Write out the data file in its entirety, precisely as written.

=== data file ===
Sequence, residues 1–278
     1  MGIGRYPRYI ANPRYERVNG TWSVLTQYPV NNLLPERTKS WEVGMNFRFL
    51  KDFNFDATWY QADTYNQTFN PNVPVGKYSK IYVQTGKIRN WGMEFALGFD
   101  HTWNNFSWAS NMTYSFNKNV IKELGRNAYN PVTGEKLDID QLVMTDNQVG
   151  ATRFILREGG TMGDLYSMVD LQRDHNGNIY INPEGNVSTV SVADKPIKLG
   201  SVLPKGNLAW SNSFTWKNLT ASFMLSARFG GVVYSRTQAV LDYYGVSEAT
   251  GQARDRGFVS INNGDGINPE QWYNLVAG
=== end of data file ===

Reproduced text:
Sequence, residues 1–278
     1  MGIGRYPRYI ANPRYERVNG TWSVLTQYPV NNLLPERTKS WEVGMNFRFL
    51  KDFNFDATWY QADTYNQTFN PNVPVGKYSK IYVQTGKIRN WGMEFALGFD
   101  HTWNNFSWAS NMTYSFNKNV IKELGRNAYN PVTGEKLDID QLVMTDNQVG
   151  ATRFILREGG TMGDLYSMVD LQRDHNGNIY INPEGNVSTV SVADKPIKLG
   201  SVLPKGNLAW SNSFTWKNLT ASFMLSARFG GVVYSRTQAV LDYYGVSEAT
   251  GQARDRGFVS INNGDGINPE QWYNLVAG